Biosecurity 2025

Last week the Minister of Primary Industries launched public consultation on the Biosecurity 2025 discussion document. The schedule for public meetings and hui are provided here

MPI is also scheduling workshops to enable more detailed discussion about key issues and proposals in the discussion document. We will advise when more information is available about these workshops.

You can find the discussion document, an online submission form, consultation information, and further details on consultation meetings here

The public consultation closes on 9 September, which is also the closing date for written submissions.

New Service between Tauranga and Asia

Maersk’s recently announced new direct service between Tauranga and Asia will see the arrival of by far the largest ships ever to visit New Zealand waters. Capable of carrying 9,500 TEU these ships are significantly larger than those anticipated in our 2010 report “The Question of Bigger Ships”.

The extent to which NZ exporters will gain real benefit from this new service remains to be quantified. This is a service between South America and Asia that calls into New Zealand rather than a dedicated service for the New Zealand market. According to Maersk Oceania’s Trade and Marketing Director, Hennie Van Schoor, New Zealand will only be a small part of the overall service which indicates capacity will be limited. Reefer capacity available for New Zealand is also unknown. What is known is that there will be a strong demand for these reefer plugs from Chile and other South American exporters.

We note that this new service was not the type envisaged in our “Bigger Ships” report, which envisaged dedicated services to Asia of no more than 7,000 TEUs. We continue to hope that such services will eventuate – however we hope that other NZ ports at this point in time don’t feel the need to dredge to accommodate 9000TEU+ vessels. Council’s position was always that the Big Ships model would be underpinned by multiple lines working together through consortia to introduce bigger vessels. The model was about sustainability of the whole industry, both shippers and shipping companies.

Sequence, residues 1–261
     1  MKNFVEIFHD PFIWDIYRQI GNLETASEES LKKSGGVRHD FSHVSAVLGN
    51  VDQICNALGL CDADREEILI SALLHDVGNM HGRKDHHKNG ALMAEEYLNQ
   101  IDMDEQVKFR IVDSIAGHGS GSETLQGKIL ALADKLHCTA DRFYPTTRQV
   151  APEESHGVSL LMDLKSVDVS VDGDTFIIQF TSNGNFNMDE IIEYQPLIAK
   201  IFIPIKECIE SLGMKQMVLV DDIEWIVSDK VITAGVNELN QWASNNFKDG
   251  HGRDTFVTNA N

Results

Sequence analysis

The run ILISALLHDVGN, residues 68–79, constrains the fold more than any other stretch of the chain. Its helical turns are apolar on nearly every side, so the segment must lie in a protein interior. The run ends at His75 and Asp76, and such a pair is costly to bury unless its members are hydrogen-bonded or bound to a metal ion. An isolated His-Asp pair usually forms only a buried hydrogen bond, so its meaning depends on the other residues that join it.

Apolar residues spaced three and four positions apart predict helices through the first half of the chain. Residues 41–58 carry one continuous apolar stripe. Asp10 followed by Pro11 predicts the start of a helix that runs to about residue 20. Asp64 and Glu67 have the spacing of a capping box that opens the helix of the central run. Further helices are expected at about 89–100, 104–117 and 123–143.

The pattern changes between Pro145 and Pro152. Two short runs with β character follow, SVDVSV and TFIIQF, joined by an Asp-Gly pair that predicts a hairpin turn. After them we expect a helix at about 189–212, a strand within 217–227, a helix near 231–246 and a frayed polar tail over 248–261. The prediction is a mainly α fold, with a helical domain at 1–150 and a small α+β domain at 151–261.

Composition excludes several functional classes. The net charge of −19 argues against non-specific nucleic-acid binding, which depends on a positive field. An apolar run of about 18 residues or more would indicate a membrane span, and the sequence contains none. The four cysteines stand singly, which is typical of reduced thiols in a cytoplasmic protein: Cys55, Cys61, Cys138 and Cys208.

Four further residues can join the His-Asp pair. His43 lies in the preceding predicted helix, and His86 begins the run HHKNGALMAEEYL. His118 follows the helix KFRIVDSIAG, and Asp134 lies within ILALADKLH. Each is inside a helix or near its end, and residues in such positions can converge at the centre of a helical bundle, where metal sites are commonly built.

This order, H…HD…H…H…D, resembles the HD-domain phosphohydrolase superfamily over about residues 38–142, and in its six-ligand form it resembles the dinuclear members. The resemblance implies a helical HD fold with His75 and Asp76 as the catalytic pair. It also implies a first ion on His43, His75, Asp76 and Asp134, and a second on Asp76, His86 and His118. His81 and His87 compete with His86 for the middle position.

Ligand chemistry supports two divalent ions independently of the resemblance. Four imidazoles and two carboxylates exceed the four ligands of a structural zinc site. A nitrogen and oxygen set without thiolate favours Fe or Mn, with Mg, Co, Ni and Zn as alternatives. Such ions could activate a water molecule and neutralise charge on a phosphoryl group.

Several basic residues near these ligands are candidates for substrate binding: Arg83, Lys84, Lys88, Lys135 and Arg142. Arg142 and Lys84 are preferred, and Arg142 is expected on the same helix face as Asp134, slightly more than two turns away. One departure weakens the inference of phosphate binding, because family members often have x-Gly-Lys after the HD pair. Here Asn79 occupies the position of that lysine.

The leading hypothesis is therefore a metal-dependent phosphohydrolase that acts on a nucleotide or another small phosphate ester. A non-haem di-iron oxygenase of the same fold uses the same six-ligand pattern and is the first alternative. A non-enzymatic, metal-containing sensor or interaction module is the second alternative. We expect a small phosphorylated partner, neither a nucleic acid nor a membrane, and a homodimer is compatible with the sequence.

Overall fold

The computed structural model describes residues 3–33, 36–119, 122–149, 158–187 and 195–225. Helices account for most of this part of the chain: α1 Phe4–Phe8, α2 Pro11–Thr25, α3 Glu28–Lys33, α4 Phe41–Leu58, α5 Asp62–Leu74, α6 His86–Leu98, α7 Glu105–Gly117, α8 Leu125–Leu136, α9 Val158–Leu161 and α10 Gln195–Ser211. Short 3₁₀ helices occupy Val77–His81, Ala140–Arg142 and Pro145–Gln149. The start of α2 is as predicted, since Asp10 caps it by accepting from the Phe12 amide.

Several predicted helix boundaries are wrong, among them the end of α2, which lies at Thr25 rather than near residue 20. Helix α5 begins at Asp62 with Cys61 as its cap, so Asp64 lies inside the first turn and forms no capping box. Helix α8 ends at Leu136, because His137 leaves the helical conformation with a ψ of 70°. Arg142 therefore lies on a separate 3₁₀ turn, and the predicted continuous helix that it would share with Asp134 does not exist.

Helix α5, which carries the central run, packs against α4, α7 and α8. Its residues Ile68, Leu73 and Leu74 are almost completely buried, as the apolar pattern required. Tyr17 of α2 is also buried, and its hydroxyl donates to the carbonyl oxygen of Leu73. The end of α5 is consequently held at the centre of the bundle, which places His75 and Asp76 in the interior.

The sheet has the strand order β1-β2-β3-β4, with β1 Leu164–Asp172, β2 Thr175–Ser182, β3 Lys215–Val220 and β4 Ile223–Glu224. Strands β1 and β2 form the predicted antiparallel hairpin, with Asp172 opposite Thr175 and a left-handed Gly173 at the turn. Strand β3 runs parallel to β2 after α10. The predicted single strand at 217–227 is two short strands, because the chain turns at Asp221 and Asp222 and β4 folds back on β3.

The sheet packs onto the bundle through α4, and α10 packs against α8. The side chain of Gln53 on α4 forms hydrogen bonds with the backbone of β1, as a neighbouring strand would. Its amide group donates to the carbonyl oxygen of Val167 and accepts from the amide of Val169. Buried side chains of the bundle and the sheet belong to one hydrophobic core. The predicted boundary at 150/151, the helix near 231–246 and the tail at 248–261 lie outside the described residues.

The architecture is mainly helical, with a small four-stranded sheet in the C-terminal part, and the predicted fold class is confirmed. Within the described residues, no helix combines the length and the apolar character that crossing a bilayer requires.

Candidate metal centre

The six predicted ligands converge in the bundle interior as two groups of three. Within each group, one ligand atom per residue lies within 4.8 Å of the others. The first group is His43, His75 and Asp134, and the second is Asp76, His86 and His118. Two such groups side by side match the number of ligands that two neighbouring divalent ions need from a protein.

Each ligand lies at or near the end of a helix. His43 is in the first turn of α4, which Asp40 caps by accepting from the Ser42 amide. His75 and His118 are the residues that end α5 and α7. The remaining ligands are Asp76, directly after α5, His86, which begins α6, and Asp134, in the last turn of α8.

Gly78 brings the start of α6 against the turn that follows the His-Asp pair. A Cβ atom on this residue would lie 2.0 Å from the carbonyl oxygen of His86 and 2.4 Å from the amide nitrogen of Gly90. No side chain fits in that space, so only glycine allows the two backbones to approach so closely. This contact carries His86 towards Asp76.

It is also noted that current sea freight rates are at an all-time low – and whether there is any scope to further decrease rates through the introduction of bigger ships now is questionable. Ironically, bigger ships may be the saviour of the lines but may not in fact deliver further benefits to shippers.


NZSC political engagement on climate change

Over the next few months we will need to be engaging with Government on how international shipping is going to be treated in the international response to climate change.

The UN Climate Change Conference helpfully gave the IMO responsibility for determining how the international shipping industry was to be treated in terms of the response to climate change. There had been danger that an arbitrary policy would be applied or that policy would be determined by the United Nations Framework Convention on Climate Change (UNFCCC), which would be a disaster because they would not know the consequences of any decisions taken.

There are some problems for New Zealand. If not carefully constructed there is a risk that any policy response could have both an unintended consequence and more negative impact on New Zealand than most other jurisdictions.

Sea freight is at this point the most climate change friendly form of freight. But getting any tax equation wrong might tip the balance in favour of road and rail and have a more negative environmental impact than the status quo.

There is evidence from past practice that some of our competitors might seek to use wider policy instruments for protectionist purposes. Remember the food miles attempt from ten years back?

NZSC’s government relations consultant has met with the Ministry of Transport, MFAT and Maritime New Zealand over the past month to discuss these issues and the good news is that the officials from Transport and Maritime New Zealand do appreciate the potential pitfalls. The negatives are that the environment officials in New Zealand and elsewhere want action – fast, and the part of the IMO undertaking this work is under a Convention that New Zealand has not adopted. We therefore may not get to vote on the final policy.